Sahmad Nakumbe has always been a go-getter.
The 26-year-old worked a 9-5 job, and once he was home, he worked on his own marketing business where he designed websites and logos for clients. Nakumbe never slowed down, until while on a business trip hundreds of miles from home, he had a stroke.
Throughout his recovery, Nakumbe’s then-girlfriend Taylor stayed by his side and their love grew stronger, leading them both to realize there was no time like the present to make their love official.
Surviving a stroke hundreds of miles from home
Miles away from his home in Minnesota, Nakumbe was on a business trip in Ohio when he realized something wasn’t right.
“Sahmad woke up that morning and his arm was tingling, he thought he had slept on it funny,” explained Taylor, who was at home in Minnesota when the incident occurred.
Nakumbe stepped out because he wasn’t feeling well, and when his coworkers came to check on him, they found that he was unable to speak and couldn’t remember his password to access his phone.
Due to swelling in his brain, Nakumbe ‘s doctors had to perform a craniectomy, where his bone flap was removed.
Following his surgery and recovery, Nakumbe was transferred to Mount Carmel Rehabilitation Hospital, in partnership with Encompass Health, to begin his six-week journey to recovery.
One of Nakumbe’s most important goals was gaining back his ability to communicate. Nakumbe’s diagnosis of aphasia, the loss of ability to understand or express speech following brain damage, was a challenge that Nicole Link, speech language pathologist, was tasked with helping him overcome.
“Aphasia affects about 2 million Americans. When Sahmad entered rehabilitation, he had aphasia and he was unable to communicate his name,” Link said. “Through intensive speech therapy, profound motivation, self-efficacy, positivity and tremendous support from his unwavering significant other, Taylor, Sahmad left our hospital able to communicate his basic wants and needs, but more importantly, his love for Taylor. He is the reason we come to work every day. To help people when they are vulnerable and experiencing the most challenging of situations, and we can help them flourish.”
Through the entire stay, Nakumbe’s positivity was unwavering.
“He loved talking with Nicole, he worked on the alphabet and simple songs. On his first day of speech therapy, he was singing Michael Jackson’s ‘Thriller’,” Taylor said laughing. “Michael Jackson was his favorite and he knew every word! He couldn’t talk, but he knew every part of ‘Thriller’.”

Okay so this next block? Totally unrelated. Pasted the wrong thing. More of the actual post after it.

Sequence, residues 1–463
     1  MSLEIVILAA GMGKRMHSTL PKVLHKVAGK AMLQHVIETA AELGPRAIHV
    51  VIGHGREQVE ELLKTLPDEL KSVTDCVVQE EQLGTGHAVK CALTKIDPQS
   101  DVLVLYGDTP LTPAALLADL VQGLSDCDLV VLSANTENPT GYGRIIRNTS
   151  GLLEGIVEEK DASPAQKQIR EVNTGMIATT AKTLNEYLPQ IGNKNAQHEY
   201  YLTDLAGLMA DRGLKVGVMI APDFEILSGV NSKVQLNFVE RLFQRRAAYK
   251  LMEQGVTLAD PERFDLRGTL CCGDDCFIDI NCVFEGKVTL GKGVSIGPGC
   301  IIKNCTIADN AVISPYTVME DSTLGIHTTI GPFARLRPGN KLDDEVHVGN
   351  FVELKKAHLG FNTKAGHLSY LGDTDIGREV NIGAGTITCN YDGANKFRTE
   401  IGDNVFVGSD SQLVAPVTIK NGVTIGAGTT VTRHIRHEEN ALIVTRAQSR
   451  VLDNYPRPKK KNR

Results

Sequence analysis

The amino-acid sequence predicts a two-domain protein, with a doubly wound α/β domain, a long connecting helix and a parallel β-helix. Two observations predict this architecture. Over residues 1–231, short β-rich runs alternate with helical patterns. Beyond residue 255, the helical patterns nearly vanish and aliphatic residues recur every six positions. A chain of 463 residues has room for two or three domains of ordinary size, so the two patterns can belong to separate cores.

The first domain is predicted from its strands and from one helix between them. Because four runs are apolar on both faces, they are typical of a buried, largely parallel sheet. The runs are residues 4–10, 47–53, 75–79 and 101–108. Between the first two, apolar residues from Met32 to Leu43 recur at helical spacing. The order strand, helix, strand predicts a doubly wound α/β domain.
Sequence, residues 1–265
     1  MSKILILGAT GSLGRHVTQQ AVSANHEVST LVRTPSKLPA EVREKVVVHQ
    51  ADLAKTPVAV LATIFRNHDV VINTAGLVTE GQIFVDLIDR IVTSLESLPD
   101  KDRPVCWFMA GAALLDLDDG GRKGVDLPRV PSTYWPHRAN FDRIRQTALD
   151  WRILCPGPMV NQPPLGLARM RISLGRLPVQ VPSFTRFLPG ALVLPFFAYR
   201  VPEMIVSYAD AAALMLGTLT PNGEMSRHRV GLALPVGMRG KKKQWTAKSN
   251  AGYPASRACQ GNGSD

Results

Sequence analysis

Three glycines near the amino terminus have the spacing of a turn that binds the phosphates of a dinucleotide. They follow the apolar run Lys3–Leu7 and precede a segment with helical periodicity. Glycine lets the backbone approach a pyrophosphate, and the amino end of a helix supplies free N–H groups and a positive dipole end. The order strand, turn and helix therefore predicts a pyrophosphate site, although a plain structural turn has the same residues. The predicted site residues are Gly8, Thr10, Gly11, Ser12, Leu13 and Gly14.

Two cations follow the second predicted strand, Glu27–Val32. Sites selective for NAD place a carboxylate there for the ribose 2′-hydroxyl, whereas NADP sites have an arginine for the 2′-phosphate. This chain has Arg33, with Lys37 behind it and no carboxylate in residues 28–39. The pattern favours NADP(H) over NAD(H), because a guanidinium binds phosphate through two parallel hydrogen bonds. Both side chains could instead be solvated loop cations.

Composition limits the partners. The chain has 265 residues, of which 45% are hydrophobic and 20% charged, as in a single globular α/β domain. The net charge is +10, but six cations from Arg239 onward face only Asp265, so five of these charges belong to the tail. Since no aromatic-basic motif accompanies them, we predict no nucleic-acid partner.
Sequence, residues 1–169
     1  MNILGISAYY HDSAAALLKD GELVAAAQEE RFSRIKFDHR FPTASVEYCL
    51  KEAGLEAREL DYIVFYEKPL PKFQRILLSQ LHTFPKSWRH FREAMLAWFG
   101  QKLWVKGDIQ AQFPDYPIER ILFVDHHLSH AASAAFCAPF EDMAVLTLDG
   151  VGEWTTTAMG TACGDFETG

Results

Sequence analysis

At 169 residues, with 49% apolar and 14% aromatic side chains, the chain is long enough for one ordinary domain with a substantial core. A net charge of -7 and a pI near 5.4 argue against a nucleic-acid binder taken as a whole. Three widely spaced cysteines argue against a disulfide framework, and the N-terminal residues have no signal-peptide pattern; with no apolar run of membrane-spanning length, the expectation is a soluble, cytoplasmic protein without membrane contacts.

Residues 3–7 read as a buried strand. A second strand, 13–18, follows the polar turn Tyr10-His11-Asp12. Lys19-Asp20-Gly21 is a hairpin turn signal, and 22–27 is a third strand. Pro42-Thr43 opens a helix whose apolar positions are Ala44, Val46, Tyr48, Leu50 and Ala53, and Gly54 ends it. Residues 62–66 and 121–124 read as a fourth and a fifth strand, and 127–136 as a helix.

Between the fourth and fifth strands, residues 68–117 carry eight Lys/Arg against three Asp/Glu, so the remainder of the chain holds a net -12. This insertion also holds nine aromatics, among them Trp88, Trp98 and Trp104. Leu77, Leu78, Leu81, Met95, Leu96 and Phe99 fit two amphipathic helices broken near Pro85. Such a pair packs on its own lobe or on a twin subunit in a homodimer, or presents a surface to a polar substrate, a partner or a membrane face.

While there were moments of levity, Taylor recounted that there were incredibly hard moments as well. After Nakumbe’s family returned home and it was just he and Taylor, the loneliness crept in.
“I remember the first few nights I was alone in a hotel just down the road. I was stressed and wanted to know he was okay,” Taylor recalled. “The staff assured me that I was welcome at any time and they made me feel welcome. I was stressed and scared, but they eased my anxiety and let me see him whenever I was scared. Everyone at the hospital was so caring and loving, they just wanted the best for us.”
Despite suffering a traumatic stroke at a young age, nothing stopped Nakumbe and his electric personality.
“After the stroke, doctors said he might not remember us, think or walk again. He had tubes down his throat when we first saw him,” Taylor said. “But when Sahmad began rehabilitation at Mount Carmel, everyone was impressed with his progress. And he maintained his personality through his facial expressions, and everyone loved him. He inspired everyone. He was 100 percent there in his brain, he just couldn’t communicate with his words.”
A forever partner
In the face of their overwhelming challenges, Nakumbe and Taylor have grown stronger together throughout the experience.
“I feel like God is teaching him to relax and be patient,” Taylor said. “He was always on the go, but this has taught us both how to slow down. It’s so scary to suffer a life-changing, traumatic event at a young age. But I feel like it’s taught us so much about each other.”
Nakumbe stroke was on May 19, 2018. On Aug. 25, 2018, Taylor and Nakumbe were married after he had finally been discharged to return home.
“I knew right away that he was the one,” Taylor said. “We agreed on everything and the more I got to know him, I knew that God had sent me him at the perfect time. I was very particular about what I wanted in a husband, and Sahmad met every criteria I had.”
Stories like Taylor and Sahmad’s are why the staff of Mount Carmel Rehabilitation Hospital come to work each day, said Kirstie Hamer, Nakumbe’s occupational therapist.
“Sahmad’s motivation and drive, in combination with our team’s expertise in neurorehabilitation, resulted in him walking out of our hospital safely and more able to fully live his life,” she said. “We are so proud of Sahmad and his continued success.”